Extreme European flooding could more than double costs by 2050

Climate change, floods Europe

Devastating effects by the 2013 Central European floods

A report from the International Institute for Applied Systems Analysis (IIASA) warns that losses from extreme floods in Europe could more than doubled by 2050, because of climate change and socio-economic development.

“Understanding the risk posed by large-scale floods is of growing importance an will be key for managing climate adaption”, IIASA says.
The study predicts that socio-economic growth will account for 66% of the increased risk as development leads to more buildings and infrastructure that could be damaged by flooding.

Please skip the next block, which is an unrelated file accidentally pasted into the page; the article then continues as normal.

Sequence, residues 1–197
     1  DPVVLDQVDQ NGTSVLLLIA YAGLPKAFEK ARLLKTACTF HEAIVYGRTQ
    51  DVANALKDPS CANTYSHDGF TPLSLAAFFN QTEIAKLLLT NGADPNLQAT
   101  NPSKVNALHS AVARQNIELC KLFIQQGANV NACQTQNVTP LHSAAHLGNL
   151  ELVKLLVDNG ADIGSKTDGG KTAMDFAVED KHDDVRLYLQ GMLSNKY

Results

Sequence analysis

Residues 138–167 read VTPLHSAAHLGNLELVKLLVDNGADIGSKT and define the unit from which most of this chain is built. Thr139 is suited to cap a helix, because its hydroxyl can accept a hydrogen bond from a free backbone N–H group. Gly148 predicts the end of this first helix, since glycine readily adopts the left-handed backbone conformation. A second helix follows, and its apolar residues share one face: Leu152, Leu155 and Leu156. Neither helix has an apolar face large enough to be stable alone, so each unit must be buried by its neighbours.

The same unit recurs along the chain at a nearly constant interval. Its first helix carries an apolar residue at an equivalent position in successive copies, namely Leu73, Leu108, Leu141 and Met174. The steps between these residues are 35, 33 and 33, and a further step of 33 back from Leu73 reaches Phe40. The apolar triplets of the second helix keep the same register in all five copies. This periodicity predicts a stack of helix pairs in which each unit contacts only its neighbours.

Change rainfall patterns

The remaining third of the increase will come from climate change, which is projected to change rainfall patterns in Europe. The study estimates that EU floods cost 4.9 billion euro (6,7 US dollar) a year on average from 2000 to 2012. This figure could have been increased up to 23.5 billion euro (32,2 US dollar) by the year 2050.


In addition, large events such as the 2013 floods, are likely to increase in frequency from an average of once every 16 years, to a probability of once every 10 years by 2050.
The analysis combined climate change and socio-economic development models to build a better estimate of flood risk for Europe.

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